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Friday, April 12, 2013

US Says New N.Korean Missile Test Would Be ‘Huge Mistake

US Secretary of State John Kerry said during a visit to South Korea on Friday that North Korea would be making a “huge mistake” if it went ahead and tested a medium range missile, adding that the country “will not be accepted as a nuclear power”. “I would say ahead of time that it is a huge mistake for him to choose to do that because it will further isolate his country and further isolate his people, who frankly are desperate for food, not missile launches”, said Kerry after meeting with South Korean President Park Geun-hye. He later told an assembled gathering of US executives in Seoul that he thought China should do more and use its influence on North Korea to try temper the country’s belligerent declarations. “The reality is that if your policy is denuclearisation and it is theirs as it is ours, as it is everybody’s except the North at this moment. If that’s your policy, you’ve got to put some teeth into it”, said Kerry. North Korea is believed to have begun preparations for the test of a Musudan missile, with a range of 3,500 kilometres, to coincide with Monday’s anniversary of Kim Il-Sung’s birthday, who founded the country.

Cyprus In Continued Crisis as EU Refuses Extra Aid

Cypriot President Nicos Anastasiades has written to the EU asking for “extra assistance” to help the country get through the period of trying to find an extra €5.5 billion in the cost of its bailout, with the extra amount taking the total cost of the package to over 135 percent of the island’s GDP. Despite an original deal worth €17.5 billion agreed last month, the lenders now estimate that the cost of recovering Cyprus will rise to €23 billion, with all of the additional money having to be brought to the table by the country. Germany has insisted that eurozone countries will not put more money forward. “The contribution from international creditors will not change”, said a spokesman for the German government. The Austrian Finance Minister, Maria Fekter, has warned the country that the bailout could be blocked if the “figures don’t add up”. She said there probably “won’t be consent in the national parliaments” if the figure is not met.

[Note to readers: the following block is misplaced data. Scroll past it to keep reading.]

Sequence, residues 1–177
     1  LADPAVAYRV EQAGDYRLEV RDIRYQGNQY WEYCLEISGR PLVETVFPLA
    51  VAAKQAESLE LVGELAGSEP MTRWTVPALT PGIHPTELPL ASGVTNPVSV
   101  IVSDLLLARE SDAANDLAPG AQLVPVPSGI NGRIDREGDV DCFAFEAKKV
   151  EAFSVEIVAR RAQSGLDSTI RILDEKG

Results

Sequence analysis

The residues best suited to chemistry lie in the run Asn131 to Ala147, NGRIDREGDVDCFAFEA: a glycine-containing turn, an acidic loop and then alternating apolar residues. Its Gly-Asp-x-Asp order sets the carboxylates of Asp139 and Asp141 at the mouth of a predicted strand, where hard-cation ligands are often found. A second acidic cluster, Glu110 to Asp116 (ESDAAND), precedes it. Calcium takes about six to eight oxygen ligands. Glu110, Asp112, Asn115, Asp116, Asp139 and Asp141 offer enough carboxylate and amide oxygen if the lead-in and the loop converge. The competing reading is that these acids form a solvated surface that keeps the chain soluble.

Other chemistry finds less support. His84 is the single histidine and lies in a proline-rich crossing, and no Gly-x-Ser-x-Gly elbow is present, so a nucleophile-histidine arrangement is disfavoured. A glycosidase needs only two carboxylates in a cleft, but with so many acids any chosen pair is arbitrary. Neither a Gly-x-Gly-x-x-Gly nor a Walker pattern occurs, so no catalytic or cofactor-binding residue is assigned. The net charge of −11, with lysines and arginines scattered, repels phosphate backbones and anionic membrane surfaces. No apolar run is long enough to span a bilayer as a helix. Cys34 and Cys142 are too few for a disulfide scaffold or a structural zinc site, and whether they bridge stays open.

Cameron in Berlin for EU Talks

British Prime Minister David Cameron has flown to Berlin on Friday and is expected to argue his case that the EU needs reforms and that a treaty change will be necessary to solve the current problems in the eurozone. The prime minister has told European newspapers that the bloc has “sometimes overreached itself with directives and interventions and interference” and that he thinks a flexible Europe is possible, one where “we don’t all have to do the same things in the same way at the same time”. This is the first time Cameron takes his whole family on an official trip and it is seen as a display of German Chancellor Angela Merkel’s willingness to prevent the UK from leaving the European Union. They will spend the weekend at Merkel’s official residence, the Schloss Meseberg, a Baroque castle in the outskirts of the German capital.

‘Human Ancestor’ Reconstructed

A study of human ancestors discovered in South Africa has revealed that an unknown humanlike species had a human pelvis, hands and teeth, but a chimpanzee-like foot. The specimens were found to the northwest of Johannesburg in 2008 and have since been analysed by six different teams. One skeleton was referred to as MH1, a male, and the other MH2, a female. They were pulled from a depression left in the ground by a cave complex that suddenly lost its roof, suggesting that the pair might have been a mother and son who were tragically stuck inside the complex after an accident. One of the teams, from Boston University, analysed their lower limb anatomy and suggested that they walked in an unique way, because their heels resembled that of chimpanzees, so they might have walked with an inward rotation of the knee and hip, a compromise between upright walking and tree climbing.

Weekend Read: Life Without Sleep

Around the turn of this millennium, the biological imperative to sleep for a third of every 24-hour period began to seem quaint and unnecessary, with designer stimulants poised to remove us from the archaic requirements of rest. In Aeon.

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